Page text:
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"Welsh is of this soil, this island, the senior language of the men of Britain; and Welsh is beautiful."
J.R.R. Tolkien[1]:189

Welsh is the Celtic language spoken throughout Wales and some nearby parts of England. Mark T. Hooker observes that "Tolkien's definition of Welsh does not exactly coincide with the modern perceptions of the word. When Tolkien says Welsh, it is as a portmanteau that includes Cornish and Breton as well."[1]:1

Sindarin[edit | edit source]

"The names of persons and places in this story were mainly composed on patterns deliberately modelled on those of Welsh (closely similar but not identical). This element in the tale has given perhaps more pleasure to more readers than anything else in it."
― J.R.R. Tolkien[2]

Tolkien admits to have been greatly inspired by Welsh when creating the Elvish language Sindarin.[3] Several similarities have been pointed out:

Grammatical number[edit | edit source]

Editor Carl F. Hostetter has noted that the singular form lotheg is formed by the addition of a diminuitive/singular ending -eg/-ig to the plural form loth, much like in Welsh where a singular noun can derive "from a plural form by the addition of a singular ending".[4]

The situation in Welsh is, however, more complex. Welsh has two number systems at play: singular-plural (like English) and collective-singulative (sometimes referred to as collective-unit).[5] Welsh uses two suffixes for deriving a singulative from a collective: -en for feminine nouns and -yn for masculine nouns.[5] Collective nouns are used of things that are often found in large numbers or frequently kept in groups, some examples are: trees, pigs, children, and ants. For example the Welsh moch ('pigs, swine') gives mochyn ('a pig, a head of swine'); plant ('children') gives plentyn (a child) (also note the change of the root vowel from 'a' to 'e' in plant > plentyn); coed ('wood, forest, trees') gives 'coeden' ('a tree') but also derw ('oak trees') gives derwen ('an oak tree'); some collective-singulative nouns are not as obvious, like mellt ('lightning') gives mellten ('a fork/flash of lightning.') The Welsh collective has a sense of a homogenous whole that the English plural cannot accurately convey, though the noun "foliage" in English is about as close as one can get.[5]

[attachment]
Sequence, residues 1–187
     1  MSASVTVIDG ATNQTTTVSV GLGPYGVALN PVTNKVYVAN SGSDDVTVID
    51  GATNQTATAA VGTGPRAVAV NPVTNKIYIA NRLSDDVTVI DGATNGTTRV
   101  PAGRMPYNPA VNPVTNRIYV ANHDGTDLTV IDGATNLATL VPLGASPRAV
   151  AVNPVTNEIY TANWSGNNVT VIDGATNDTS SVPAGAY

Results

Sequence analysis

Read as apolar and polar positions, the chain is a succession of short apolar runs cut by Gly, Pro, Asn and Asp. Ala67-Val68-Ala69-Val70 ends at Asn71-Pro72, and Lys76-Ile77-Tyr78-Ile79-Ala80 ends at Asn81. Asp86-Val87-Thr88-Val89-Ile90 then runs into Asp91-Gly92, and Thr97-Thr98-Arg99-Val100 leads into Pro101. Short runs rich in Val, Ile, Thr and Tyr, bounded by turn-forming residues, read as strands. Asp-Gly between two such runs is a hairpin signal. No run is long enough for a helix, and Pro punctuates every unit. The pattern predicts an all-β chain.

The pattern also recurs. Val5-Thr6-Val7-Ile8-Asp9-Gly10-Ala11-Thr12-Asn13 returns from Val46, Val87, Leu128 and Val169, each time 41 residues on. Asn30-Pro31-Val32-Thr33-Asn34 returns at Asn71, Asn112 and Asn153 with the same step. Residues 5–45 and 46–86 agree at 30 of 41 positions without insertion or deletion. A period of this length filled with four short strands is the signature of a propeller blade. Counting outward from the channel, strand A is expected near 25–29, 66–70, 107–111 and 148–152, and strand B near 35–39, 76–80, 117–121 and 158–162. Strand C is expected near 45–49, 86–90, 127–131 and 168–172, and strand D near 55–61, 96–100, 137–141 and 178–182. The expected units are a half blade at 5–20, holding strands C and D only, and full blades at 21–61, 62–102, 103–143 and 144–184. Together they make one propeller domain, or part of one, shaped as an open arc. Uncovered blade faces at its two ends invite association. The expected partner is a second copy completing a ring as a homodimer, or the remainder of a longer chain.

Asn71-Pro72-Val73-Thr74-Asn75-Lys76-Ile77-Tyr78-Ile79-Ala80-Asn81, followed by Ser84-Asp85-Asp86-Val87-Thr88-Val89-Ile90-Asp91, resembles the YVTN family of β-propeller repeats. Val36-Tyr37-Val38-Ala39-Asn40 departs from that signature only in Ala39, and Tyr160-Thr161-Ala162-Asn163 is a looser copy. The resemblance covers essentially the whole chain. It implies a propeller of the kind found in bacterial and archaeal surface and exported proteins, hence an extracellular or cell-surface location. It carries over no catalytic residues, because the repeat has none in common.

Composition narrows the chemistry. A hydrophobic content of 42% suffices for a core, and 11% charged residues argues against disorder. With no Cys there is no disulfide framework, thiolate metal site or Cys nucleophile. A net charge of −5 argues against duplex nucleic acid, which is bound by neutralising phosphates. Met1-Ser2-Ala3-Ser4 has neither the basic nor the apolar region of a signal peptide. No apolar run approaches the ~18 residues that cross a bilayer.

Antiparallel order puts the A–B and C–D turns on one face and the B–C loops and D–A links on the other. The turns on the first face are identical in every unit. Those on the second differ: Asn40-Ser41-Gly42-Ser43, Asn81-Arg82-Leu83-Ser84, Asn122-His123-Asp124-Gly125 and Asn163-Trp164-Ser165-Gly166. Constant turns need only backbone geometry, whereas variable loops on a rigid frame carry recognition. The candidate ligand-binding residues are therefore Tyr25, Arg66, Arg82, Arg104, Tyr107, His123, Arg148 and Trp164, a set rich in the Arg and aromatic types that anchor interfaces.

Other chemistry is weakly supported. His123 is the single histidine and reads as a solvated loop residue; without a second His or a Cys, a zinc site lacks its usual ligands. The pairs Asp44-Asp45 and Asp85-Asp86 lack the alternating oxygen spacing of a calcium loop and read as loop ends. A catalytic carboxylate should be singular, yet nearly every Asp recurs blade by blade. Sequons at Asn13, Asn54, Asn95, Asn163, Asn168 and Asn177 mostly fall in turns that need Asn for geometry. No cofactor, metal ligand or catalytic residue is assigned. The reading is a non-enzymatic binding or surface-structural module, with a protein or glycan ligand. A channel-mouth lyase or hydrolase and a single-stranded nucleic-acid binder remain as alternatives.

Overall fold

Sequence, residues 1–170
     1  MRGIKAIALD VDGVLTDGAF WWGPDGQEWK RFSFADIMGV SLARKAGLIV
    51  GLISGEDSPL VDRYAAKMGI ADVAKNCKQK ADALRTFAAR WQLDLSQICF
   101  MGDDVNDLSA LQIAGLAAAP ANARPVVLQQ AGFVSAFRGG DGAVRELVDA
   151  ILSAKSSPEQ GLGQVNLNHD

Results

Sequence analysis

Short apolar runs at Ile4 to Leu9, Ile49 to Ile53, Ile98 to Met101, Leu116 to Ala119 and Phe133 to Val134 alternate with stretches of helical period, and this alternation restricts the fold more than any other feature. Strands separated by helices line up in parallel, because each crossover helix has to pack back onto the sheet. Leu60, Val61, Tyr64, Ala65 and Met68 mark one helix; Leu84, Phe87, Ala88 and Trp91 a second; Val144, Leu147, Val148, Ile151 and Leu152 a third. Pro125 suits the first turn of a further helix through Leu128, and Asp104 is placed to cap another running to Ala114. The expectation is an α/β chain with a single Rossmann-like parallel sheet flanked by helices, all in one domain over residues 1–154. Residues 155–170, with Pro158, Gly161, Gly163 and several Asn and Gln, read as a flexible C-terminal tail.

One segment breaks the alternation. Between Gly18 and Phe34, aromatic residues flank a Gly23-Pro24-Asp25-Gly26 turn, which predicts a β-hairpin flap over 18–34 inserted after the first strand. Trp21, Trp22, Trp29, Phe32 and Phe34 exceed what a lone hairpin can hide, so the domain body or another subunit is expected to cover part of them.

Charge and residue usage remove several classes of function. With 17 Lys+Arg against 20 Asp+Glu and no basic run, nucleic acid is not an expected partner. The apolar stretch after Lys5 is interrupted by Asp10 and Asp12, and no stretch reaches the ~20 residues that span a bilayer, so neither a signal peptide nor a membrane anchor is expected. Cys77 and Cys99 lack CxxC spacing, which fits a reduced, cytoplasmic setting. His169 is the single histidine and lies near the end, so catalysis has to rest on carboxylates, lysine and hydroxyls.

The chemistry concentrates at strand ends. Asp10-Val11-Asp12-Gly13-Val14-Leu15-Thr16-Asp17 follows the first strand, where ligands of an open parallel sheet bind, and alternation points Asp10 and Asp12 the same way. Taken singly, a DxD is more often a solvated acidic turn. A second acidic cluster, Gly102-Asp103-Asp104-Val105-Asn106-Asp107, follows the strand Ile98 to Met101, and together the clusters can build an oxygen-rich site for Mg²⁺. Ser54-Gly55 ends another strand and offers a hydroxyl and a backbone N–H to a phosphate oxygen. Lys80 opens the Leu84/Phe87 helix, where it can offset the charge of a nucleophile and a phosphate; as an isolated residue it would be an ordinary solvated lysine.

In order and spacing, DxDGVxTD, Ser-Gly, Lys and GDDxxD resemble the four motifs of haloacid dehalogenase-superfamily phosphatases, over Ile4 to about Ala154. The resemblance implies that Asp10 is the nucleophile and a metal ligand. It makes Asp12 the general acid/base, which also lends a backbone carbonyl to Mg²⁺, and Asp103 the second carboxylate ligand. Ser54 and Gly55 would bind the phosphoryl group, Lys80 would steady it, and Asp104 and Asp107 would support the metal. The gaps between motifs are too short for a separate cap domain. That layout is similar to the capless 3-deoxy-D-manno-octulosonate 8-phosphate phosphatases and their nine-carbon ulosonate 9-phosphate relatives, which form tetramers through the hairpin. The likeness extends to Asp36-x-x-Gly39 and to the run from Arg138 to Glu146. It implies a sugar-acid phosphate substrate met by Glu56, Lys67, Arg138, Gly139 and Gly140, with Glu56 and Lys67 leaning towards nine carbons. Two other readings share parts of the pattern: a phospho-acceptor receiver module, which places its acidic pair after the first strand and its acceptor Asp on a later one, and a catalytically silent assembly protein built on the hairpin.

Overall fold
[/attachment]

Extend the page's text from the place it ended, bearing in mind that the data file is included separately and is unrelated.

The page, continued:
These singulative suffixes come from an older Celtic diminutive suffix which became repurposed as a singulative marker.

Initial consonant mutation[edit | edit source]

Welsh mutations[edit | edit source]

Treigladau or Initial consonant mutation is a feature of all extant Celtic languages. Tolkien also incorporated a system similar to that of Welsh into Sindarin. In Welsh these mutations are older phonological changes which have become grammaticalised. Usually (but not always) triggered by prepositions, articles, possessive adjectives, and qualifiers, the mutations of Welsh serve as an integral part of its grammar - especially the mutation known as the soft mutation (welsh: treiglad meddal).

The basic outline of the Welsh mutations is given here:

Radical Soft Nasal Aspirate
p /p/ b /b/ mh /m̥/ ph /f/
t /t/ d /d/ nh /n̥/ th /θ/
c /k/ g /ɡ/ ngh /ŋ̊/ ch /χ/
b /b/ f /v/ m /m/
d /d/ dd /ð/ n /n/
g /ɡ/ * ng /ŋ/
m /m/ f /v/
ll /ɬ/ l /l/
rh /r̥/ r /r/

Sindarin mutations[edit | edit source]

The mutations of Sindarin are not fully understood. Below are given the mutations proposed by David Salo in his book A Gateway to Sindarin:

Radical Soft Nasal Stop Liquid? Mixed
t /t/ d /d/ th /θ/ th /θ/ th /θ/ d /d/
p /p/ b /b/ ph /f/ ph /f/ ph /f/ b /b/
c /k/ g /g/ ch /χ/ ch /χ/ ch /χ/ g /g/
d /d/ dh /ð/ n /n/ dh /ð/
b /b/ v /v/ m /m/ v /v/
g /g/ (deleted) ng /ŋ/ (deleted)
m /m/ v /v/ v /v/
(n)d /d/ n /n/ nd /nd/ nd /nd/ d /d/ nd /nd/
(m)b /b/ m /m/ mb /mb/ mb /mb/ b /b/ mb /mb/
(n)g /g/ ng /ŋ/ ng /ŋg/ n-g /ŋg/ g /g/ ng /ŋg/
lh /ɬ/ l /l/ l /l/ l /l/ l /l/ l /l/
rh /r̥/ r /r/ r /r/ r /r/ r /r/ r /r/
s /s/ h /h/ h /h/
h /h/ ch /χ/ ch /χ/ ch /χ/ ch /χ/ ch /χ/
hw /ʍ/ chw /χw/ chw /χw/ chw /χw/ chw /χw/ chw /χw/

External links[edit | edit source]


  1. 1.0 1.1 Mark T. Hooker, Tolkien and Welsh
  2. J.R.R. Tolkien, Christopher Tolkien (ed.), The Monsters and the Critics and Other Essays, "English and Welsh", p. 197
  3. J.R.R. Tolkien, "Words, Phrases and Passages in Various Tongues in The Lord of the Rings", in Parma Eldalamberon XVII (edited by Christopher Gilson), p. 40
  4. J.R.R. Tolkien, "The Rivers and Beacon-hills of Gondor" (edited by Carl F. Hostetter), in Vinyar Tengwar, Number 42, July 2001, p. 30 (note 42)
  5. 5.0 5.1 5.2 King, G. (2016). Modern welsh: A comprehensive grammar (2nd ed.) Routledge.